July 3, 2009
Bone Marrow Stem Cells May Help Heart
U.S. researchers, in a study in mice, found bone marrow stem cells improve cardiac function.
Study author Dr. Yerem Yeghiazarians of the University of California, San Francisco, and colleagues administered three different groups of mice with bone marrow cells, bone marrow cell extract, or saline for the control group.
The injections were administered three days after a heart attack. At day 28, both the bone marrow cell group and the extract group had significantly smaller heart damage than the control group.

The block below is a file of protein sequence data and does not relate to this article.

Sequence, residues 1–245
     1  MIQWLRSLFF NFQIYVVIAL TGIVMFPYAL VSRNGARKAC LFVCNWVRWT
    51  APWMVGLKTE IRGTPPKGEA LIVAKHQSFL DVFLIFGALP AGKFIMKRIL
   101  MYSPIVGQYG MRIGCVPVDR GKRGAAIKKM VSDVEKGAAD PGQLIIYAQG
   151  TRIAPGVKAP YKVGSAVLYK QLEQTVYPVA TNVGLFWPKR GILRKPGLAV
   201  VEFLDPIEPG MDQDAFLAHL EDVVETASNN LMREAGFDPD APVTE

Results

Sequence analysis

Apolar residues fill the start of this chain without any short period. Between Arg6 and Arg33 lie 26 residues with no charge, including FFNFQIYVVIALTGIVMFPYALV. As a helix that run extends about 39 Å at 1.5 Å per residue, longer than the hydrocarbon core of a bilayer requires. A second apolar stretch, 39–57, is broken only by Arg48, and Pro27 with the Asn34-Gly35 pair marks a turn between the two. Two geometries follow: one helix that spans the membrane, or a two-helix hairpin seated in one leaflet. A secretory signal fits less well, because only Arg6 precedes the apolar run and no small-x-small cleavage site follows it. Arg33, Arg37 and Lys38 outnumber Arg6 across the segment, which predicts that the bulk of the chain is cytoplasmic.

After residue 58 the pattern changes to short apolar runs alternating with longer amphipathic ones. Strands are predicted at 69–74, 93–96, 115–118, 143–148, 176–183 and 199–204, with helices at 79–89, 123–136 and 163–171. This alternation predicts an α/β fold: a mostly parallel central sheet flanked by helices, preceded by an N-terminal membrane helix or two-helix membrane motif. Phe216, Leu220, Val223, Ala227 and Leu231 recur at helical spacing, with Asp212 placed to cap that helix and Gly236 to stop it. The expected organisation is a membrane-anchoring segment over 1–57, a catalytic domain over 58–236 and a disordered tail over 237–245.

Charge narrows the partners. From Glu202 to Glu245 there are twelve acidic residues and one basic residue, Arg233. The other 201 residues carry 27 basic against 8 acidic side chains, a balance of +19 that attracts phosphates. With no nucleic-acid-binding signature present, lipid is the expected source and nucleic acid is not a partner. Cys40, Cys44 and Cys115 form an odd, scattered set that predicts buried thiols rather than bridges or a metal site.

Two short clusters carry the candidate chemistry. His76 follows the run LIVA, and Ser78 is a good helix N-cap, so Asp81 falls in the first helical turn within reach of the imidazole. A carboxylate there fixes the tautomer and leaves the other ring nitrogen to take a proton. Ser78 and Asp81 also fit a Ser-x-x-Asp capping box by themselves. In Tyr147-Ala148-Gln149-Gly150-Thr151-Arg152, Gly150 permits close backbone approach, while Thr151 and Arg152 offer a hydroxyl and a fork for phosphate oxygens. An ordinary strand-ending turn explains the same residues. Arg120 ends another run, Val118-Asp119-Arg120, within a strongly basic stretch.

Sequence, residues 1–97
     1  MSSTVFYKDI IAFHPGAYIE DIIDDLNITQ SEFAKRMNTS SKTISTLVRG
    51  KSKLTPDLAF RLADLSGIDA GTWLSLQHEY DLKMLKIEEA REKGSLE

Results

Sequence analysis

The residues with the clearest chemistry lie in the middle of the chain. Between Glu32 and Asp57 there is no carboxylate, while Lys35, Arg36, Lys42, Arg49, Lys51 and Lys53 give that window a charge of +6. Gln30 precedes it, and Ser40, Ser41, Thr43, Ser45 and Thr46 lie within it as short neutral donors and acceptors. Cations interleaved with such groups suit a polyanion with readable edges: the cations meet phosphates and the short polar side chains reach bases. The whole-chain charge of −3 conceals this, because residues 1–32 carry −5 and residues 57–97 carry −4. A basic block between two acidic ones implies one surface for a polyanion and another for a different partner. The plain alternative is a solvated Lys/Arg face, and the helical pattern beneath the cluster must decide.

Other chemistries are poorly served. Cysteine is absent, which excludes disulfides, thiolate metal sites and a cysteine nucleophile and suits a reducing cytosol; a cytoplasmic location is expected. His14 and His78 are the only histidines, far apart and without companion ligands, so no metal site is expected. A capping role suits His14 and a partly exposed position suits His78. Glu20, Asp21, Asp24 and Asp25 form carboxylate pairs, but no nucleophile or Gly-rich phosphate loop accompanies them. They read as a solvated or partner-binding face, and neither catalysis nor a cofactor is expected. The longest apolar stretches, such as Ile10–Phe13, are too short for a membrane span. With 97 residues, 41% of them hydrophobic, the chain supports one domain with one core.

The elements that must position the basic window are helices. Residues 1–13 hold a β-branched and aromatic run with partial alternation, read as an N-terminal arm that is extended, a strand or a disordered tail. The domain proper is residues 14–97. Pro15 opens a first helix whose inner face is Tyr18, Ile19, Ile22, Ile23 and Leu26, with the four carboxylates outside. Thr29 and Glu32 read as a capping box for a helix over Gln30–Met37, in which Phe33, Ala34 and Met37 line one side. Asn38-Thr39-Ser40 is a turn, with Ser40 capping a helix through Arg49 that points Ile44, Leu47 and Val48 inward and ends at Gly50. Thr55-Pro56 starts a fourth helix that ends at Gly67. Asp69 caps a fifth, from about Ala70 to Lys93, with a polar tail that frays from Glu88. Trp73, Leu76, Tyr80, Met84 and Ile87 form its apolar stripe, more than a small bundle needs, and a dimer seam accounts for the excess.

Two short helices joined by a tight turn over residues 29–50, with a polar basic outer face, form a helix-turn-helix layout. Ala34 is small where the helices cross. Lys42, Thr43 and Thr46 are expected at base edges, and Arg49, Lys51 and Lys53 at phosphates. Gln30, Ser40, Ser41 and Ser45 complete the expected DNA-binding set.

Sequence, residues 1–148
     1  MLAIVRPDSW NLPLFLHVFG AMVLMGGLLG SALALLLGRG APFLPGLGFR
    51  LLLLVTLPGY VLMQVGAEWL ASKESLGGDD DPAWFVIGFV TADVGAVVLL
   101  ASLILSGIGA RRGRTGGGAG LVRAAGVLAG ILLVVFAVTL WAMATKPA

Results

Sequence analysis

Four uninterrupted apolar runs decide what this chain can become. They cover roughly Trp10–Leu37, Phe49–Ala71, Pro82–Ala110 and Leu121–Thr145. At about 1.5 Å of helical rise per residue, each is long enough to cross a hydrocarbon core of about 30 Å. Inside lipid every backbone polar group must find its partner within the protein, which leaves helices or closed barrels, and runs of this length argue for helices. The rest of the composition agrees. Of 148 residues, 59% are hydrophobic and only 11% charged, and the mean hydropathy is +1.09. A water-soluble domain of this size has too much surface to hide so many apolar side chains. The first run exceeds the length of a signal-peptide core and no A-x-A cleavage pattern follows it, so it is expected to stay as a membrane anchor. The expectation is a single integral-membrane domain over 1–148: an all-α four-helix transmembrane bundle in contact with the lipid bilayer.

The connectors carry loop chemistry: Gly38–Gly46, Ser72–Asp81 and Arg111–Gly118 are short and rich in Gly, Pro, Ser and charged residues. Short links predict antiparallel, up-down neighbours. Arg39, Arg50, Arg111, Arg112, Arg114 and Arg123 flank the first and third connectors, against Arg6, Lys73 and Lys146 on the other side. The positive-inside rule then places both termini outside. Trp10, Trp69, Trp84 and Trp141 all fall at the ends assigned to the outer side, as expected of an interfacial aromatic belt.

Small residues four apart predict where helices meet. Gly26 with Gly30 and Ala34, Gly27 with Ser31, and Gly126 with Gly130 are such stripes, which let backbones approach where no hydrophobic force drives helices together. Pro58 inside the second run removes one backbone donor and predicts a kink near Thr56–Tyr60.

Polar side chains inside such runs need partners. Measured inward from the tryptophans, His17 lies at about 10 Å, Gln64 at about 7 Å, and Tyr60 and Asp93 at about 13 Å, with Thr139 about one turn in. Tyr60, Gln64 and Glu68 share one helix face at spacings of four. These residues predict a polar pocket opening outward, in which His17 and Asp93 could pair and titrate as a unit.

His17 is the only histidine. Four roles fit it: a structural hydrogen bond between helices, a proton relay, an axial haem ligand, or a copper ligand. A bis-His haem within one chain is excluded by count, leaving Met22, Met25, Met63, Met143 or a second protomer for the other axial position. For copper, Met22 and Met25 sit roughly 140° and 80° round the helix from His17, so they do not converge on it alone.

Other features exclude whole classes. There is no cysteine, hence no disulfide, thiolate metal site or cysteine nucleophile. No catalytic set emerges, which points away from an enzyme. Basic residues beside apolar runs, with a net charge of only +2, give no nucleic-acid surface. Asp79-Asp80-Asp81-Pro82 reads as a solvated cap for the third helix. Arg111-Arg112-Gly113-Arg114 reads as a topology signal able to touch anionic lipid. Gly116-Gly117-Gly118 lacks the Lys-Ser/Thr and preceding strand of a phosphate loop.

The extract derived from bone marrow cells helped decrease the formation of scar tissue and improved cardiac pumping capacity. Both the cell and cell extract therapies resulted in the presence of more blood vessels and less cardiac cell death -- apoptosis -- than no therapy.
Peer-reviewed medical literature is controversial as to whether bone marrow cells differentiate into cardiomyocytes, or cardiac muscle cells, but there is general agreement that stem cell therapy with these cells results in some level of functional improvement after a heart attack, Yeghiazarians said in a statement.
The exact mechanism for this is not yet clear. Our results confirm that whole cells are not necessarily required in order to see the beneficial effects of bone marrow cell therapy.
The study was published in the Journal of Molecular Therapy.